Quote by Mark Twain

I notice that you use plain, simple language, short words and brief sentences. That is the way to write English - it is the modern way and the best way. Stick to it; don't let fluff and flowers and verbosity creep in. When you catch an adjective, kill it. No, I don't mean utterly, but kill most of them - then the rest will be valuable. They weaken when they are close together. They give strength when they are wide apart. An adjective habit, or a wordy, diffuse, flowery habit, once fastened upon a person, is as hard to get rid of as any other vice.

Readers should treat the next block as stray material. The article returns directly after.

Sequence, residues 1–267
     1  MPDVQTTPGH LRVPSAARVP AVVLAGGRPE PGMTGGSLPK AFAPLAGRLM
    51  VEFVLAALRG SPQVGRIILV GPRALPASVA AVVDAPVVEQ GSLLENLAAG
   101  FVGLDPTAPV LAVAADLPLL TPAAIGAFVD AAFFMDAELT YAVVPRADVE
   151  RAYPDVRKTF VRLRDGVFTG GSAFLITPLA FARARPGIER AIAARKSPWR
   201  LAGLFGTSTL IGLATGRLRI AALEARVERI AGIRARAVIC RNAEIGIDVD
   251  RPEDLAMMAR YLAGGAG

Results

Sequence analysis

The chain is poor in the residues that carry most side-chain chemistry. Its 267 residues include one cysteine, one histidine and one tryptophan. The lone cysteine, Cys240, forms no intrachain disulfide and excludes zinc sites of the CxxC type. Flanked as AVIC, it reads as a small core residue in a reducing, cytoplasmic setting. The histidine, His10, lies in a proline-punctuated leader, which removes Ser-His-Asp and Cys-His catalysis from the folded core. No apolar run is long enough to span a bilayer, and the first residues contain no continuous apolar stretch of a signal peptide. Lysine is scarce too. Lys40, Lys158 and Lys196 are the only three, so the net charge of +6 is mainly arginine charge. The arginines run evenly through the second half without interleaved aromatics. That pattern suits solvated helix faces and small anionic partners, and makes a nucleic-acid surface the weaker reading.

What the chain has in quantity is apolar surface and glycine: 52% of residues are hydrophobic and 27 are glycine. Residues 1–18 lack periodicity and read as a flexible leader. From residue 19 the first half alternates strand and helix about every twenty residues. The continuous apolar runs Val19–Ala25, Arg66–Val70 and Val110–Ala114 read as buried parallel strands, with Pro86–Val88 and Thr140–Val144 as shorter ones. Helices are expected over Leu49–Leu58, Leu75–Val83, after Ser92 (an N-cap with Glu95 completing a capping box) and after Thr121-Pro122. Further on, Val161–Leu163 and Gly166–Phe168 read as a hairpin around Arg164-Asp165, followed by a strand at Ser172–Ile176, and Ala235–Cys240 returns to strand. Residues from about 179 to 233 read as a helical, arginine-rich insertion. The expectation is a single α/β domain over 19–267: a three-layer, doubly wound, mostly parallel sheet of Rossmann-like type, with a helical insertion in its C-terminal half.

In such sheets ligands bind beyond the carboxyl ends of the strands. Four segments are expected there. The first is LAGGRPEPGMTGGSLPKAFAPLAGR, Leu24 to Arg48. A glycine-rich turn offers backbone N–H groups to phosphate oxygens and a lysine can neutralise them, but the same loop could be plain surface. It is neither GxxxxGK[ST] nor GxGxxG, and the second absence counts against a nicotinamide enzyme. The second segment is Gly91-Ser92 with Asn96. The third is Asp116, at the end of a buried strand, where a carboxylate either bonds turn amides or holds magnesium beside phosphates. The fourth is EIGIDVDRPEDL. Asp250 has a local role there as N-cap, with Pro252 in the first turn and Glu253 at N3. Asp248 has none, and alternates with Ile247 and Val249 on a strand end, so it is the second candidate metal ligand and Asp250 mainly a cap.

I notice that you use plain, simple language, short words an


This quote emphasizes the value of using clear and concise language in writing. The author advises against incorporating unnecessary adjectives and verbosity, urging writers to opt for plain and simple words and brief sentences. They suggest that a surplus of adjectives can weaken the impact of a text, while selecting and spacing them appropriately can enhance its power. The quote also suggests that habits of using excessive language are difficult to break, comparing them to vices. Ultimately, the quote promotes a modern and effective approach to writing that prioritizes clarity and avoids unnecessary embellishments.

By Mark Twain
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